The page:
Handling Mother’s Day: Comfort and Prayers for the Bereaved

 

handling mothers day prayers and comfort for the bereaved.jpgAs we approach Mother’s Day, many of us will be reminded of our mothers and the place they hold in our hearts. Whether our mother is still with us or has passed from this world, Mother’s Day is a special time to celebrate these women and the immense impact they have on our lives. It goes without saying that those who have lost their mother may experience added grief on this day. However, there are other groups of people who also experience additional pain or grief during this time: those who don’t have (or never had) a relationship with their mother, those who are unable to have children, couples who have suffered from miscarriage or stillborn children and all other special circumstances.

This Mother’s Day, be aware of your own emotions as well as those of others. If you find that Mother’s Day mass is too hard or painful to attend, spend the day worshiping from home. If you know someone is struggling with any of the situations listed above, or an equally difficult situation, make an effort to let them know you’re thinking about and praying for them. Wherever, however, and with whomever you celebrate this Mother’s Day, remember that Christ is with you and that His plan is far greater than the highs and the lows of our lives here on earth.

Take a look at the prayer below and share with others.

Dear God,
Thank you for the gift of motherhood. Thank you for the blessing it is to be called “Mom.” Thank you for the good plans you have in store for those who still wait to be a Mom. Thank you for the numerous spiritual children you have given to so many “spiritual moms” and mentors. We pray that you would fill this day with favor and grace as we honor Moms all around our nation.
We ask for comfort for those who are grieving loss and heartache, especially on this day. We ask for strength for those who wait for children to come back home. We ask for healing for those who have been hurt by relationships that were intended to be loving and nurturing. We ask for faith for those who will someday be Moms, who find themselves on a journey that seems so hard. We ask for great encouragement and grace to cover those who have made a brave and loving choice for adoption. We ask for incredible provision and care over every single parent mom who works so hard on behalf of her children. We ask that you would remind many of those who, though they do not have “physical” children, have the gift of being amazing hope-bringers to many spiritual children they’ve been blessed to nurture through these years.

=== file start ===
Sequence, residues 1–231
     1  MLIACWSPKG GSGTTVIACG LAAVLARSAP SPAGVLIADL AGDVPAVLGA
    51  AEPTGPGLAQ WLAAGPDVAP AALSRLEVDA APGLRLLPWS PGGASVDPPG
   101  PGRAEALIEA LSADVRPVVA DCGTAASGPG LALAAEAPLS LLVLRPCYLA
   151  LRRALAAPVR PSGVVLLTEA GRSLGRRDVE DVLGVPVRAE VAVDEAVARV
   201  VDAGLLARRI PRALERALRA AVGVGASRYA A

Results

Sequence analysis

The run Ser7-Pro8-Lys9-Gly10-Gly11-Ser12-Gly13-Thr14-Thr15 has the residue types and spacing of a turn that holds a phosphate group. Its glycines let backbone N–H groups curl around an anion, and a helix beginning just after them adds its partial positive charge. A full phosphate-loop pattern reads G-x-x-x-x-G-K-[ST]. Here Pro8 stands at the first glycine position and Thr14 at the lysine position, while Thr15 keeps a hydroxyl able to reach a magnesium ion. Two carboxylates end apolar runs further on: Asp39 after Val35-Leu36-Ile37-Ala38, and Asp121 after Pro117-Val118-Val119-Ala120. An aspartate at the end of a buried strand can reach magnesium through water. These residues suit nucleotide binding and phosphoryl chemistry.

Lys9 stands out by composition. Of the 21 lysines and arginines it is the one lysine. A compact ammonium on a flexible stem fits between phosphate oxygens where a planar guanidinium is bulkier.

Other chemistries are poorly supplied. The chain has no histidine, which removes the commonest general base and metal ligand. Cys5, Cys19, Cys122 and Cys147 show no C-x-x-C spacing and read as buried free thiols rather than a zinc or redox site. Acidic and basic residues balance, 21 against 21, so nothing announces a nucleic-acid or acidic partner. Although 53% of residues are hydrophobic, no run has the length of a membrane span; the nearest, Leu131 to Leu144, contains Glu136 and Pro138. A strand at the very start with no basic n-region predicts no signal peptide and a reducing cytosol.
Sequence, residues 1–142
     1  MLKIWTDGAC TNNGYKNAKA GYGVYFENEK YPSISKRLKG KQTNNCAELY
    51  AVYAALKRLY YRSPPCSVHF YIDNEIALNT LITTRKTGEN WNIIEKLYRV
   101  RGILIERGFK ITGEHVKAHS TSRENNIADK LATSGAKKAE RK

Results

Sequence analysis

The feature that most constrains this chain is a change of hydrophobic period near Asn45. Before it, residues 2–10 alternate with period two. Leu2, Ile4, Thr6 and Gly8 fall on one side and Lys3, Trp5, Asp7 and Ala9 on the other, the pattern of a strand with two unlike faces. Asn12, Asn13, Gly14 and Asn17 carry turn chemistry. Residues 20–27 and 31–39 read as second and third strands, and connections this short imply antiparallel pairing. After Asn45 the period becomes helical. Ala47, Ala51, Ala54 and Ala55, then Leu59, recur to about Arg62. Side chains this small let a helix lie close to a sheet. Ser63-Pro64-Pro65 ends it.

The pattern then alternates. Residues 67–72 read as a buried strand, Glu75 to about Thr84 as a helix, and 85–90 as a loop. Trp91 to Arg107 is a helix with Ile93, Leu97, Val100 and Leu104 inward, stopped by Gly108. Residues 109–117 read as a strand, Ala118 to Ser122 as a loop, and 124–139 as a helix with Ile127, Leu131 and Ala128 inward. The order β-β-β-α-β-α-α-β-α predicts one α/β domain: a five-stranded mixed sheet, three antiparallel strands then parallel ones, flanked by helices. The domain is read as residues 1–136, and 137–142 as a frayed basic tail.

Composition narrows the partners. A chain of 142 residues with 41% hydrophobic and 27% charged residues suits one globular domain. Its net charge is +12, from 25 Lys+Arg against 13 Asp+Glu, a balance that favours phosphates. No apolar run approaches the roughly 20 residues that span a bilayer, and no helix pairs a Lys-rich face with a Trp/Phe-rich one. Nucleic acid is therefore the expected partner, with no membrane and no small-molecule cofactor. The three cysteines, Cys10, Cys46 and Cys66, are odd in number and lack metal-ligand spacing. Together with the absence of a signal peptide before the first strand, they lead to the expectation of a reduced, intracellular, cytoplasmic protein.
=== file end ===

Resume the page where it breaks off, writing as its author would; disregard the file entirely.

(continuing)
God, thank you, for the gift of life. Thank you that your heart is for us, and that you are with us, in all our unique journeys and pathways. Thank you that you are Sovereign over every part of our lives.  Thank you that your ways are perfect and you make our footsteps secure.
Today we pray for refreshing, for joy, for grace, for wisdom, for great peace…for all moms, for moms to be, and for women who nurture and lead.
In Jesus’ Name,
Amen. (source) 
Post written by Katie Karpinski

Embracing God’s Plan: An Easter Lesson

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Lonely, desperate, sorrowful, confused, hurt, overwhelmed…
One can only imagine what the first disciples of Jesus must have felt following His crucifixion. He was their world, and their source of happiness and hope. They spent years following Him, and devoted their lives to His teaching. He fulfilled them in a way no earthly person could. Then, they were forced to stand and watch as He died in the cruelest of ways. The man who had filled them with such courage and faith was gone.
In many ways, those who have lost a loved one can empathize with the first followers of Christ. When we lose someone, the world around us seems to tilt. Reality is permanently changed. Just as Jesus was a center of hope and security for those who followed Him, the people we hold close to us in our lives also provide us with an element of security and love. The earthly separation of death may feel like an end to that cherished relationship.

However, as the followers of Christ discovered, and as we now know, death is not the end.

On Good Friday when Mary, the Apostles, and the rest of Jesus’ disciples were in their deepest and most sorrowful mourning, God was already executing His master plan. In just three short days they would all realize that Christ was not dead, but alive. Death was not the final destination, but rather a stop along the way to greater salvation. Viewing death as a journey, not an endpoint, can help us who are grieving understand God’s intentions. This doesn’t mean that the separation isn’t painful, but we can all take comfort in knowing that God calls us all to be reunited in His eternal kingdom.